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I have just read Brad Rock's article on Mickey Mantle (Tuesday, Aug. 15). I find his demeaning comments of Mickey Mantle sadistic, boorish and cowardly.

Come on, Brad, don't be such a putz. What have you accomplished in this life that could give you the right to stand in The Mick's shadow? I am really weary of the hypocrisy you and others display when complaining of the Mantles out there that crush your naive perceptions of hero worship. Get a grip.Don't judge Mickey Mantle for his shortcomings, but rather praise him for his accomplishments, right to the end. Mantle was a hero to millions of adults and youth, like myself. He did prove that you can accomplish your dreams if you work hard.

His private shortcomings were not displayed like dirty underwear strung out for all to see.

What does disgust me are today's "wanna-be" heroes like Charles Barkley. No, Barkley certainly is not a role model. That he has decided for himself. What he and others like him have failed to accept is their responsibility to the public to be a role model. After all, how can you appreciate someone who complains that they don't earn enough millions, or after all the millions they do earn, still finds it conscionable to charge young idolizers for their autographs.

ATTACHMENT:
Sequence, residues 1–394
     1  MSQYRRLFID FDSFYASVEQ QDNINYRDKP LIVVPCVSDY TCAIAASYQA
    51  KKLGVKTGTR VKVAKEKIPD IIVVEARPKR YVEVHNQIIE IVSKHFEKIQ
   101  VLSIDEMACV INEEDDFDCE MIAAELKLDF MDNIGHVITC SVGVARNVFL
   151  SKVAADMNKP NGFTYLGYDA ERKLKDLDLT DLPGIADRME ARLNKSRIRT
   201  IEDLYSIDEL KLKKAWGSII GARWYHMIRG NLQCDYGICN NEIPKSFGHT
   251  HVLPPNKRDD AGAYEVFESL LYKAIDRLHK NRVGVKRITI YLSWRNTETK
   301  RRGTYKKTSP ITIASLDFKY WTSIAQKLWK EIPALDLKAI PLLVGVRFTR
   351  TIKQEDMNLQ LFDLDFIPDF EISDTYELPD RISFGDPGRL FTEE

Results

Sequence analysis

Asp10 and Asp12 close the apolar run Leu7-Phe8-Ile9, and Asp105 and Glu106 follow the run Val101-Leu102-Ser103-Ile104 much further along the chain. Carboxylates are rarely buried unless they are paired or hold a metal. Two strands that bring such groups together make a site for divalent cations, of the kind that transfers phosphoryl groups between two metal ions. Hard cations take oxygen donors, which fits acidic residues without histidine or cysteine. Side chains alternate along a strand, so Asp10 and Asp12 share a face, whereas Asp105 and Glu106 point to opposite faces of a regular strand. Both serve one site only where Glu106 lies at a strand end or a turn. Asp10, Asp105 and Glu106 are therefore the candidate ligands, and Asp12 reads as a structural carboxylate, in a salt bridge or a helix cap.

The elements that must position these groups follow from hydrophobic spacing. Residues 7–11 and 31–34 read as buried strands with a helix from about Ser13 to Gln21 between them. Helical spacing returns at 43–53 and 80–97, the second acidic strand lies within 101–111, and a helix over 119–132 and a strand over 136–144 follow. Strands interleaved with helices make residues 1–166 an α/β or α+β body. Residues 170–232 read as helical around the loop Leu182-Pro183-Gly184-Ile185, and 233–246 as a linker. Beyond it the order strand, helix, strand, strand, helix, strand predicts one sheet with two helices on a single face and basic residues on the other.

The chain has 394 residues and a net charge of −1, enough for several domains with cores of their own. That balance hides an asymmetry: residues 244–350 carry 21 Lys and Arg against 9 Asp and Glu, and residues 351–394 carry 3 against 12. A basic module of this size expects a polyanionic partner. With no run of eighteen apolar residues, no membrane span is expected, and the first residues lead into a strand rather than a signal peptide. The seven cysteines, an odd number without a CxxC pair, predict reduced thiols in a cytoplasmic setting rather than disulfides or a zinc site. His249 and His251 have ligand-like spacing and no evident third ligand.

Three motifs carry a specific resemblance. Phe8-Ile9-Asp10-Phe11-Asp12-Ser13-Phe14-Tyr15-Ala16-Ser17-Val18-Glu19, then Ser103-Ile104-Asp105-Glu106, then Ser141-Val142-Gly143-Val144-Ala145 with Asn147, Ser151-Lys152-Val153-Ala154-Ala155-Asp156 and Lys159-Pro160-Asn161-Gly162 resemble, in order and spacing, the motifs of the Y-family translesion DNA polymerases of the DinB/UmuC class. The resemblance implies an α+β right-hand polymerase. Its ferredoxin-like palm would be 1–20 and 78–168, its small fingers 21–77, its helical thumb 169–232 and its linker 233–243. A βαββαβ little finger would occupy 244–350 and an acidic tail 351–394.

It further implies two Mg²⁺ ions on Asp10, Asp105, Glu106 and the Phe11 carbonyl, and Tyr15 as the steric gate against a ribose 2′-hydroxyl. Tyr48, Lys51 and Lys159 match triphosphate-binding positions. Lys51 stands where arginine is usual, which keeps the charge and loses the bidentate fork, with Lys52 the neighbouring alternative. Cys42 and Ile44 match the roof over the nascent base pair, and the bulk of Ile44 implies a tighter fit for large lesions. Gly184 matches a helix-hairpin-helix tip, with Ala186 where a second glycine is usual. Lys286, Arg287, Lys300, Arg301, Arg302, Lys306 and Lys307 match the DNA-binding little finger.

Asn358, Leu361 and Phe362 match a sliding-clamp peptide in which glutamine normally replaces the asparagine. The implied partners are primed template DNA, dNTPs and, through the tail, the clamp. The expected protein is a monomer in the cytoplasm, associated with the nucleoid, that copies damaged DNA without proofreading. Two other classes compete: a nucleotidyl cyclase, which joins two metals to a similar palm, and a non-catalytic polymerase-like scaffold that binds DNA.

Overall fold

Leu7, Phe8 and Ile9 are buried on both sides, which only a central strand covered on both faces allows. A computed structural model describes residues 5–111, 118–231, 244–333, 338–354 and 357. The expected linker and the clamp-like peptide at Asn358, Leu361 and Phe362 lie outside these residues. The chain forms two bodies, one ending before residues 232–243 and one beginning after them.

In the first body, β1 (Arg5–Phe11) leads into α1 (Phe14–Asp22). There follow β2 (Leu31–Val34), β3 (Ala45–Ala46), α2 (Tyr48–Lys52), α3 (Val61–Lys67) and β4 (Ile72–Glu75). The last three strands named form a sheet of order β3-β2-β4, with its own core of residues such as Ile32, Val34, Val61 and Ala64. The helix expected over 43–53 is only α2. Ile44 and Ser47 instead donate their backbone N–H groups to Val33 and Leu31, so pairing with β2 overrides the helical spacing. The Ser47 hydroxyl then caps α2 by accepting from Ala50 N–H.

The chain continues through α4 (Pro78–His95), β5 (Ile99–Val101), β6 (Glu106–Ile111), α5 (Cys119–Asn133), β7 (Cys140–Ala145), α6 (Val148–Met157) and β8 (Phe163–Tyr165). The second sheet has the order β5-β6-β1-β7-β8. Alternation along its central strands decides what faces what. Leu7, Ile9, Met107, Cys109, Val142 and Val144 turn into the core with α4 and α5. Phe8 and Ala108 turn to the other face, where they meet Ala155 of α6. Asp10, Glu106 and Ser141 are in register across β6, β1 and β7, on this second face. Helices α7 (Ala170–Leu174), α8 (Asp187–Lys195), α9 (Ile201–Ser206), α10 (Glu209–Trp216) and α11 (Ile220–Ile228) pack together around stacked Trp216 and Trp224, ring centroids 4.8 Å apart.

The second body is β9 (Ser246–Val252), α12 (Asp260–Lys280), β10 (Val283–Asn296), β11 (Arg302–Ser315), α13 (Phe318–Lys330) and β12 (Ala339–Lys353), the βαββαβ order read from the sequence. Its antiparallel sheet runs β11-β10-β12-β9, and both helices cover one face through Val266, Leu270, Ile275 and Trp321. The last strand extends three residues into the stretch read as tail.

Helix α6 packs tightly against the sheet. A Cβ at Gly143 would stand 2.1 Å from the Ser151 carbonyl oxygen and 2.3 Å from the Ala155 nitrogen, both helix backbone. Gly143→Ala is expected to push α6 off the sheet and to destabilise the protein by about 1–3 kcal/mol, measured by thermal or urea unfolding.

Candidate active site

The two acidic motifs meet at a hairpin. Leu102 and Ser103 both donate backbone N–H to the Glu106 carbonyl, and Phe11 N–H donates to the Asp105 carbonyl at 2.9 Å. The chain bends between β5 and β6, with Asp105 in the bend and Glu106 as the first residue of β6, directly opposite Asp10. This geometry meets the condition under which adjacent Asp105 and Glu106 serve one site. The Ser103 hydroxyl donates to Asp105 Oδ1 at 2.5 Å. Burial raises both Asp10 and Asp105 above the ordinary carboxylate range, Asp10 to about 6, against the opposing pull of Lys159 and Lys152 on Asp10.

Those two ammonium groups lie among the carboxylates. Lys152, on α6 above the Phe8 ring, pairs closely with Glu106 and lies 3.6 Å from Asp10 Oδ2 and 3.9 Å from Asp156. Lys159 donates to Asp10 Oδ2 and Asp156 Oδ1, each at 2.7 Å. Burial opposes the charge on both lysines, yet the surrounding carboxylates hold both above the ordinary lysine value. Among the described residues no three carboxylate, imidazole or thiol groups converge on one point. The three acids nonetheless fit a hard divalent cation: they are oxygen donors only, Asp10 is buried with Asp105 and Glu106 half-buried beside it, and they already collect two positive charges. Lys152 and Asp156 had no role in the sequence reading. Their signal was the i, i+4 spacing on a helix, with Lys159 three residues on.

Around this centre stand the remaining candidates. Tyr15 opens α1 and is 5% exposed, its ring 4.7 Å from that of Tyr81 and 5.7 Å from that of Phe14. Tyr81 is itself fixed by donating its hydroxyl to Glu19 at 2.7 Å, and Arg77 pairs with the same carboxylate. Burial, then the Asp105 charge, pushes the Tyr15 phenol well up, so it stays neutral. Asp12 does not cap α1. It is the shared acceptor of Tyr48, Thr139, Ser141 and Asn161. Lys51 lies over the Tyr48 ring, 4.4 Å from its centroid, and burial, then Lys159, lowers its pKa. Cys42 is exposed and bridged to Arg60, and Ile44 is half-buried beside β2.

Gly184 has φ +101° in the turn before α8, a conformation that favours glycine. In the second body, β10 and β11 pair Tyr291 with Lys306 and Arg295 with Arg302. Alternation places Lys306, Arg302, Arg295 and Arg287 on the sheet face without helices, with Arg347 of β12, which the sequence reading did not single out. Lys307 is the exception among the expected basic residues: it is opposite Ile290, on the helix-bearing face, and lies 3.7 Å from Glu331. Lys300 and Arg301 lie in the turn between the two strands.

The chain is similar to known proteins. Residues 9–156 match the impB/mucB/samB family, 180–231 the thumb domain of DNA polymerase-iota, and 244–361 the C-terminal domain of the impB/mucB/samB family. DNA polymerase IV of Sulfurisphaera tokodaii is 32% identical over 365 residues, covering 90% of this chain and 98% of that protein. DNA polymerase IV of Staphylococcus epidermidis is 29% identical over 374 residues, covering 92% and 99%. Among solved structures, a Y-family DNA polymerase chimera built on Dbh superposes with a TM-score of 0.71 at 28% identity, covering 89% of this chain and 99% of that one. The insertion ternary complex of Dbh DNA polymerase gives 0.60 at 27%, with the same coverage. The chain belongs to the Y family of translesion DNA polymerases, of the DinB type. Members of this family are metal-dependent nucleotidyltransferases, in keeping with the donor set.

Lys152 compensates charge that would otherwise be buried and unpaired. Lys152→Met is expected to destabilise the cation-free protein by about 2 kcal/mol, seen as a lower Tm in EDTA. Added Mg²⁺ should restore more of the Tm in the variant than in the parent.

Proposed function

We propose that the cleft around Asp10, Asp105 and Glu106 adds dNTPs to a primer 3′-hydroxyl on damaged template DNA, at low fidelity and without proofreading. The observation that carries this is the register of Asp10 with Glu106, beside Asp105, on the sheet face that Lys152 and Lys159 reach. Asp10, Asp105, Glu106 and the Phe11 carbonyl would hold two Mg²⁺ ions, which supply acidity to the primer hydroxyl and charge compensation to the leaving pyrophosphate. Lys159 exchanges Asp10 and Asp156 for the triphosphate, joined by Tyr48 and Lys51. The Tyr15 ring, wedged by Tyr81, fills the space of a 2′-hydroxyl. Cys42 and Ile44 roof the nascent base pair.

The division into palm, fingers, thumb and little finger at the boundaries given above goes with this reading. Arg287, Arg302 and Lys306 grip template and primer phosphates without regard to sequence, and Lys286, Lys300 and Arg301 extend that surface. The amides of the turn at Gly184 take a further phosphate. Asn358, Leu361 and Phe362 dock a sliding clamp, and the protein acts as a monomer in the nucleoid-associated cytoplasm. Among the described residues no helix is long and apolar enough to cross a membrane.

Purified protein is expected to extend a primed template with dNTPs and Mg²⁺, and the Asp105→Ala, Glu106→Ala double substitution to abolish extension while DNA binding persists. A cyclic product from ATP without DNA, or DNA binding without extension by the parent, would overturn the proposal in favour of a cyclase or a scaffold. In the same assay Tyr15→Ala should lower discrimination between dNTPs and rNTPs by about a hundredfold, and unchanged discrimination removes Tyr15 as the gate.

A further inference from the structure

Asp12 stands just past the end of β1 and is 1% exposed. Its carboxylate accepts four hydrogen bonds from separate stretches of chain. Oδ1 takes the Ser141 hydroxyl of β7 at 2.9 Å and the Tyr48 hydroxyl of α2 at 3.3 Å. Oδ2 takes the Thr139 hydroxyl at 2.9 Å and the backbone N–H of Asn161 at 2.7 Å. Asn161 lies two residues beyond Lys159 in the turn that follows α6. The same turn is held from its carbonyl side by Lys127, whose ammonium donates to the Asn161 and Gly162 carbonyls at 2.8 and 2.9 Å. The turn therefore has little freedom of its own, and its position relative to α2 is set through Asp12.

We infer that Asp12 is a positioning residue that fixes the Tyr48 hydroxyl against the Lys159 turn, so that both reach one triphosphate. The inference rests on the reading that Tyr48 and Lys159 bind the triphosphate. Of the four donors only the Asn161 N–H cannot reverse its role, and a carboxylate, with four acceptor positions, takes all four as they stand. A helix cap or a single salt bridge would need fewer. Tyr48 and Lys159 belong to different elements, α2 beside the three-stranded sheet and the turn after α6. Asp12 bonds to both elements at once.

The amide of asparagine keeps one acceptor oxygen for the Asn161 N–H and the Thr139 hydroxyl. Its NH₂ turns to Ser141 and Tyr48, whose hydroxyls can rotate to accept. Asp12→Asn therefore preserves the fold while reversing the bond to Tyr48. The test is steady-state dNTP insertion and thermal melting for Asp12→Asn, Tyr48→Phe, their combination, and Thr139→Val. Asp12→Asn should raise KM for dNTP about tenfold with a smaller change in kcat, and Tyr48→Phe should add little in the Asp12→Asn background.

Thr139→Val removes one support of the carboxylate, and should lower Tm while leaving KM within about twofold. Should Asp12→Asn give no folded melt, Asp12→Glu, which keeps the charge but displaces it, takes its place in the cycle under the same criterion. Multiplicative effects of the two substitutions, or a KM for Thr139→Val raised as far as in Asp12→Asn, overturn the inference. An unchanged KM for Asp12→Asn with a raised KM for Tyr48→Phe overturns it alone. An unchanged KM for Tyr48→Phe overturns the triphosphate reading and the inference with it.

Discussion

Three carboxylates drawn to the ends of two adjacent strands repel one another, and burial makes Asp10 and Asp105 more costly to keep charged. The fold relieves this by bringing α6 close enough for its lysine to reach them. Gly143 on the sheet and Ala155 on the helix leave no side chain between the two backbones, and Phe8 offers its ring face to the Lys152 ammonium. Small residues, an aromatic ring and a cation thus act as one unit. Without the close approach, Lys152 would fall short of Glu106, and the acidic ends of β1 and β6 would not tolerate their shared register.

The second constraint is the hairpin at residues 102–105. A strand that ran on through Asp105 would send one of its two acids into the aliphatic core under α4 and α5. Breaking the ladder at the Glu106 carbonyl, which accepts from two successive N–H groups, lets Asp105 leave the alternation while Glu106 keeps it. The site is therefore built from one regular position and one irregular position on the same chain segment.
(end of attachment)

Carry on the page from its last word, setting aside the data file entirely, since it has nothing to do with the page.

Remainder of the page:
It is not Mantle who has destroyed the concept of role models and heroes. It is today's professional athletes that have nuked any concept of respectable sportsmanship and stripped the youth of a sense of responsibility for themselves or anyone else. The youth of today would rather worship role models the likes of MTV, Beavis and Butt-head, and drugged-out, long-haired, half-dead, hard-rock zombies.

Brad, if your only lasting impression of the Mick is a "sickly old man" who didn't quite live up to your self-righteous expectations, then you missed the point. I will always remember a great man who lived a great life and was a hero to me during my youth. His life, and others like him, encouraged me to strive to succeed and to accomplish my goals. I also see a great man at the twilight of his great life who stumbled a few times but in the end had the courage to stand back up, face the truth and humbly taught us that we can overcome our weaknesses.

Robert S. Head